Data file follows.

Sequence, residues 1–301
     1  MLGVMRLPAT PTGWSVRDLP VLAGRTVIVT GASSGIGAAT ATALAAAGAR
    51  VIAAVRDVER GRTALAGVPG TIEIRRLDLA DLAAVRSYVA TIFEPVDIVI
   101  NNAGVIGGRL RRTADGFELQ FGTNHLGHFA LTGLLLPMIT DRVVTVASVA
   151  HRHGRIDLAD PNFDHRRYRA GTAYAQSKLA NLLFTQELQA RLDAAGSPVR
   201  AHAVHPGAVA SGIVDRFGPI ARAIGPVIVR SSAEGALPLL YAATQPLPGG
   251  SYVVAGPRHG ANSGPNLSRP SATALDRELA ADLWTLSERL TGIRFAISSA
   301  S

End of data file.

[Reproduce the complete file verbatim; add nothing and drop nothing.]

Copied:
Sequence, residues 1–301
     1  MLGVMRLPAT PTGWSVRDLP VLAGRTVIVT GASSGIGAAT ATALAAAGAR
    51  VIAAVRDVER GRTALAGVPG TIEIRRLDLA DLAAVRSYVA TIFEPVDIVI
   101  NNAGVIGGRL RRTADGFELQ FGTNHLGHFA LTGLLLPMIT DRVVTVASVA
   151  HRHGRIDLAD PNFDHRRYRA GTAYAQSKLA NLLFTQELQA RLDAAGSPVR
   201  AHAVHPGAVA SGIVDRFGPI ARAIGPVIVR SSAEGALPLL YAATQPLPGG
   251  SYVVAGPRHG ANSGPNLSRP SATALDRELA ADLWTLSERL TGIRFAISSA
   301  S